When antibiotics were invented in the early 20th century the world breathed a collective sigh of relief, thinking that the fight against infectious disease had finally been won. However, the relentless misuse and abuse of antibiotics, both in human and veterinary medicine, led to the emergence of resistant bacterial strains which, compounded with the paucity of new antibiotic molecules in the pipeline, is contributing to the desperate state-of-affairs we have today. Bacteria acquire resistance to anti-microbial agents either by mutation during replication or by encoding a mechanism of resistance from other bacteria. Microbes can easily acquire resistance to many antibiotics resulting in multi-drug resistance; in extreme cases, this can extend to all anti-microbials available on the market.
Every year in the European Union, about 400,000 citizens acquire an infection with a resistant bacterial strain and of these 25,000 die as a result. Multi-drug resistant strains infect 5-12% of hospitalised patients, especially the most vulnerable ones, such as organ transplant patients, those on haemodialysis and patients with various cancers or other chronic diseases.
In the past four years, in more than a third of EU/EEA countries, there has been a significant increase in the trend towards combined resistance to both Klebsiella pneumoniae and E. Coli; on a more positive note methicillin- resistant Staphylococcus aureus (MRSA) has shown a decrease or stabilisation in most European countries. ECDC data from the European Surveillance of Antimicrobial Consumption Network (ESAC-Net) also showed that consumption of carbapenems increased significantly between 2007 and 2010. Iceland, Latvia and the United Kingdom have increased its antibiotic consumption by more than 5% between 2009 and 2010, while consumption fell in three other countries – Austria, Lithuania and Poland – during the same period. The vast majority of human consumption of antibiotics, in fact, occurs in the community with penicillins the most common antibiotics used.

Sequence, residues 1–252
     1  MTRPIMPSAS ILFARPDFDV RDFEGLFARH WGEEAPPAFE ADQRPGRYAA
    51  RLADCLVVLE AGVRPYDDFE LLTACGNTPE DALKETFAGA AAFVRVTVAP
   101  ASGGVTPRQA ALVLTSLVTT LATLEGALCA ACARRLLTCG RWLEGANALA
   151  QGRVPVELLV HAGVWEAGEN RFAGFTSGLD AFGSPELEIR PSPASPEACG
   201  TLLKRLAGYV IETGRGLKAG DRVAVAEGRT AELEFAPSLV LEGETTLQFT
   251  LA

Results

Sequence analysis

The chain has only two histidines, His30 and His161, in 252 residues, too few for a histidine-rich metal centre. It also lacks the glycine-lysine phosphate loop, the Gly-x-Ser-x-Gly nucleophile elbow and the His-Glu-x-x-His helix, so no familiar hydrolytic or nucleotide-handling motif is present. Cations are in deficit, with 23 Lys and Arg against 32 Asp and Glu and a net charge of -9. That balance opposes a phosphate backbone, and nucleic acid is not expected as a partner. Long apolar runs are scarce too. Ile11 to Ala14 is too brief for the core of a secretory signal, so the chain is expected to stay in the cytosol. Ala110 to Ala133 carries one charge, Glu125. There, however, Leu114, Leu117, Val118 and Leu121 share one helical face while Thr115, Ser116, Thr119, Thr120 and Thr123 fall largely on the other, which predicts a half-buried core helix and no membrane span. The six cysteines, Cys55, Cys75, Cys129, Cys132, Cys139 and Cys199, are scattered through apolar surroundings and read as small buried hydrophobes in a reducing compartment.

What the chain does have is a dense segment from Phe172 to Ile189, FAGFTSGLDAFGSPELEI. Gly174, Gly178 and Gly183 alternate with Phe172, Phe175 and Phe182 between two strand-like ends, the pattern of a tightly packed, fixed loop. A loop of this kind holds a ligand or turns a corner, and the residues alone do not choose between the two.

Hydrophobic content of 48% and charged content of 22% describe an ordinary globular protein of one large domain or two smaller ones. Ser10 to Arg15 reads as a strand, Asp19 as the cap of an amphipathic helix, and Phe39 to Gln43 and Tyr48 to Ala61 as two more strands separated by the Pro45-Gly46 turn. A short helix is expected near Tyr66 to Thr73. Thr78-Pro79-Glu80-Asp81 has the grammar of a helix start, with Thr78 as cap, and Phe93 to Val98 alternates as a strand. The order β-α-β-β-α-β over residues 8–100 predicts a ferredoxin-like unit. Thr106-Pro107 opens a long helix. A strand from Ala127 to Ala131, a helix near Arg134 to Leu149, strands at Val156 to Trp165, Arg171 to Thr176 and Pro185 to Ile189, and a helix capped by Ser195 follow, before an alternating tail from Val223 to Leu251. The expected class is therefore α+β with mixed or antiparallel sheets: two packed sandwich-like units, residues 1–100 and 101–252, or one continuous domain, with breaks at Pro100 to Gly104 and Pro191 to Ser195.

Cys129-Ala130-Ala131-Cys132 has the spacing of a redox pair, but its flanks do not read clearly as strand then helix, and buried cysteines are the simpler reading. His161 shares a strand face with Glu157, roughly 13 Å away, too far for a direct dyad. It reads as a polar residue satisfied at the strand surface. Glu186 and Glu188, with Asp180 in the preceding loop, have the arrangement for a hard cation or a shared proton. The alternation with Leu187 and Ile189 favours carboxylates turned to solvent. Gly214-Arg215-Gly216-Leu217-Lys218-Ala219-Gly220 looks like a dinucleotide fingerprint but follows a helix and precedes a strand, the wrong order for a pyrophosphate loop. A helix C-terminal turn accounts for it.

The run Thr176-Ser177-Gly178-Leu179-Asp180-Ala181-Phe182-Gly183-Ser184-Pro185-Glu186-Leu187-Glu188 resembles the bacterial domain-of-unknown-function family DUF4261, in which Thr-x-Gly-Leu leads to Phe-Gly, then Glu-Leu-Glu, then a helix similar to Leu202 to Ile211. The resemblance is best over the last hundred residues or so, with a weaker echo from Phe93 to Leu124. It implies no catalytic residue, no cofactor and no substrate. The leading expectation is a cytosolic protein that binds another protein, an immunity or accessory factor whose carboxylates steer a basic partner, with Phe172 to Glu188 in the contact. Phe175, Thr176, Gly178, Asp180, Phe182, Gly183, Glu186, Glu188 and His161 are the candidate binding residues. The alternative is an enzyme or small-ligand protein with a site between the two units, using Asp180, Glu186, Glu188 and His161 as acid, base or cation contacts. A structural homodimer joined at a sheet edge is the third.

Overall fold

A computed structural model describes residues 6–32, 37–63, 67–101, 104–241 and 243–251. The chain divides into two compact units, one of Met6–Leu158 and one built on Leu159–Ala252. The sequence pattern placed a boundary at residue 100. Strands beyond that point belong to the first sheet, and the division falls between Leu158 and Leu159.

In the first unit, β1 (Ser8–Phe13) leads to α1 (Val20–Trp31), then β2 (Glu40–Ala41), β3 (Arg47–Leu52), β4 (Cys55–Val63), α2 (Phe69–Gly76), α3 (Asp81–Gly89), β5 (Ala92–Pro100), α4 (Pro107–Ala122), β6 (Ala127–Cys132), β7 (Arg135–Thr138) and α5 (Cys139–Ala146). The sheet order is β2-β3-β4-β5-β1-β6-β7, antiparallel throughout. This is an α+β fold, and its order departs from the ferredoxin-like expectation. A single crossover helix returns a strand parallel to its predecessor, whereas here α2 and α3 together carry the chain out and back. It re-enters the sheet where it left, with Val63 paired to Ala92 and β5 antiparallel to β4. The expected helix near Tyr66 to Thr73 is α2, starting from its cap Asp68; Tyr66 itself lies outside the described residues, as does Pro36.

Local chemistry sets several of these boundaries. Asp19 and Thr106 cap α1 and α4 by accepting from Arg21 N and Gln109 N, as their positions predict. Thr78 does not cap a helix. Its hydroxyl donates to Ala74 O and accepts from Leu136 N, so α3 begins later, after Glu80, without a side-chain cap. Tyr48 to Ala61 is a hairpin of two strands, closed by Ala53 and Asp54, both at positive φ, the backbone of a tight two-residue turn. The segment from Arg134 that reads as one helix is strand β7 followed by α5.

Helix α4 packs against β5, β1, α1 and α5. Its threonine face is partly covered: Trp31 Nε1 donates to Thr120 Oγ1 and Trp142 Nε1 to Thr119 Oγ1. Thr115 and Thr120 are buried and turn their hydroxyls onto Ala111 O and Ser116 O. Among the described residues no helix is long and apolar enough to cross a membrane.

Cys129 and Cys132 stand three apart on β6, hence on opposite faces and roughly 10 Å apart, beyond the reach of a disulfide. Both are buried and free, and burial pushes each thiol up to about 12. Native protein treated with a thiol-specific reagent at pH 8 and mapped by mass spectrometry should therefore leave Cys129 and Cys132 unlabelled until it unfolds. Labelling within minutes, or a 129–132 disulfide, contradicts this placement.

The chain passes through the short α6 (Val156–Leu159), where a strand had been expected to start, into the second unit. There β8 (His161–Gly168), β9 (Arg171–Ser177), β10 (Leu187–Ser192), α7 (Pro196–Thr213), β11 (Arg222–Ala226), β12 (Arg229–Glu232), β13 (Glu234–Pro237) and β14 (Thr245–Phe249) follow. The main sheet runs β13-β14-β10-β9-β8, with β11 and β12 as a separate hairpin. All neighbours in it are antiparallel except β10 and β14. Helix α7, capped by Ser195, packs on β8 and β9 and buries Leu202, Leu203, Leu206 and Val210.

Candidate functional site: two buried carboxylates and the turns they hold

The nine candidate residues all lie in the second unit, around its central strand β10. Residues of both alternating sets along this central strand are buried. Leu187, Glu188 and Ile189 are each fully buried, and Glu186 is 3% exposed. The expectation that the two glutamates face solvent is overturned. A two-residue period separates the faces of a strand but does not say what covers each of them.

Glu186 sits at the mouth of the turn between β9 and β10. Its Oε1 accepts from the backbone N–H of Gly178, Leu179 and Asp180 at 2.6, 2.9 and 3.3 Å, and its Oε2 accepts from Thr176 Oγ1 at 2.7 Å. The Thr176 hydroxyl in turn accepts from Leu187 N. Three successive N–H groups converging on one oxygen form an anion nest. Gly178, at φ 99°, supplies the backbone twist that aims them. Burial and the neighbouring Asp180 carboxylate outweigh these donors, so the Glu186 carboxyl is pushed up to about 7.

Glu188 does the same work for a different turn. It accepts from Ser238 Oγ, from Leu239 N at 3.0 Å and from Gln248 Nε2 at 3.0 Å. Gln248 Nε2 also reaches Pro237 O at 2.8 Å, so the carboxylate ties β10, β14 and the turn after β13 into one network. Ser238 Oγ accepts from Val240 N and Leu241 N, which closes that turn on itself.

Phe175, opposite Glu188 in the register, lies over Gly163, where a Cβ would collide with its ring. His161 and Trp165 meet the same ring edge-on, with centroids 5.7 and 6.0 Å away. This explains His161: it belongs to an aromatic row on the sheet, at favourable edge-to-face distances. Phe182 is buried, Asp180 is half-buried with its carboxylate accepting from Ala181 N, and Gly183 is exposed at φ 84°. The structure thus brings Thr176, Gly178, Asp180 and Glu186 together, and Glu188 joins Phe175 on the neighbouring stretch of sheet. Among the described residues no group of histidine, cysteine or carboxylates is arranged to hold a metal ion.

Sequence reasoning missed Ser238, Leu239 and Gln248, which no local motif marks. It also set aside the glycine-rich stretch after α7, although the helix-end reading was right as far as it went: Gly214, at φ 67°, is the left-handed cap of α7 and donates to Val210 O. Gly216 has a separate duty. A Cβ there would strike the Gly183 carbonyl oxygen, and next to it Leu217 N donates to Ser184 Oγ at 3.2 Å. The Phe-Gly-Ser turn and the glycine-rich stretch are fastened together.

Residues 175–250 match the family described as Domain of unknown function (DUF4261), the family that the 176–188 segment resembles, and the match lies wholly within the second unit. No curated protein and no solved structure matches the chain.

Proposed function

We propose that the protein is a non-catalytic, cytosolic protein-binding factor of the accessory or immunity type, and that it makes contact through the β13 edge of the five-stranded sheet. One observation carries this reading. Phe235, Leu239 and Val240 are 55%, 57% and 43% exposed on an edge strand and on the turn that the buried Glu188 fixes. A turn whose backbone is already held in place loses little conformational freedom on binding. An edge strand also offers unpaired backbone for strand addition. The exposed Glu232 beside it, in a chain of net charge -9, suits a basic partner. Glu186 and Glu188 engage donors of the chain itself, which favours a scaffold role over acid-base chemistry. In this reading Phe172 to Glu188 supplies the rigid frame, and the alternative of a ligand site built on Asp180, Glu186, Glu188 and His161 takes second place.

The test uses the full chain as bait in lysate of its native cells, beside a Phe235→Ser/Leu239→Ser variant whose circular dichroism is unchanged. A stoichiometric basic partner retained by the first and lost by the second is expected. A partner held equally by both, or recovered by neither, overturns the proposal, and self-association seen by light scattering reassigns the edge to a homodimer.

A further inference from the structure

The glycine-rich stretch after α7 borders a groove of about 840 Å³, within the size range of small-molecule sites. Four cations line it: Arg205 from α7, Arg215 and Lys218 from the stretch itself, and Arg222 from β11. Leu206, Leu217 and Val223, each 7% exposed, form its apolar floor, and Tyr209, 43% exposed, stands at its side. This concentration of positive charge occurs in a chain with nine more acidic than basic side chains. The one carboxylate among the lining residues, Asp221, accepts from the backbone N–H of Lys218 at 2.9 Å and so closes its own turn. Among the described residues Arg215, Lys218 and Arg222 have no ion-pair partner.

The resistance of some microbes, notably Klebsiella and E. Coli, to a multitude of commonly used antibiotics requires the use of last line antibiotics, such as carbapenems; this places a burden on healthcare systems resulting in increasing healthcare costs, extra length of hospital stay, treatment failures and sometimes death.
The European Commission launched a 12-key action plan in November 2011 focusing on many sectors, including human and veterinary medicine. The aim is to instil and reinforce good practice over a period of five years, while introducing rigorous measures to prevent further spread of resistance. In the meantime 26 member states have implemented actions to prevent and control healthcare associated infections (HAI). The Commission has also devoted €1 billion into AMR-related research including drug projects to use existing antimicrobials in a more efficient way and to develop new molecules on the market. The Commission is also working on increased surveillance both in food safety and the transmission of resistance between animals and humans. Executive agencies like ECDC, EMA and EFSA are supporting this initiative.
Antimicrobial resistance is a responsibility of each and every one of us, be it a patient, healthcare professional or policy maker. Director General of DG Sanco, Paola Testori Coggi was very clear in her statement when she said: ‘In order to successfully address antimicrobial resistance, we need to tackle the problem in a comprehensive approach, in which all relevant parties and stakeholders live up to their responsibility to combat this serious health threat in their respective areas.’ There is no other way.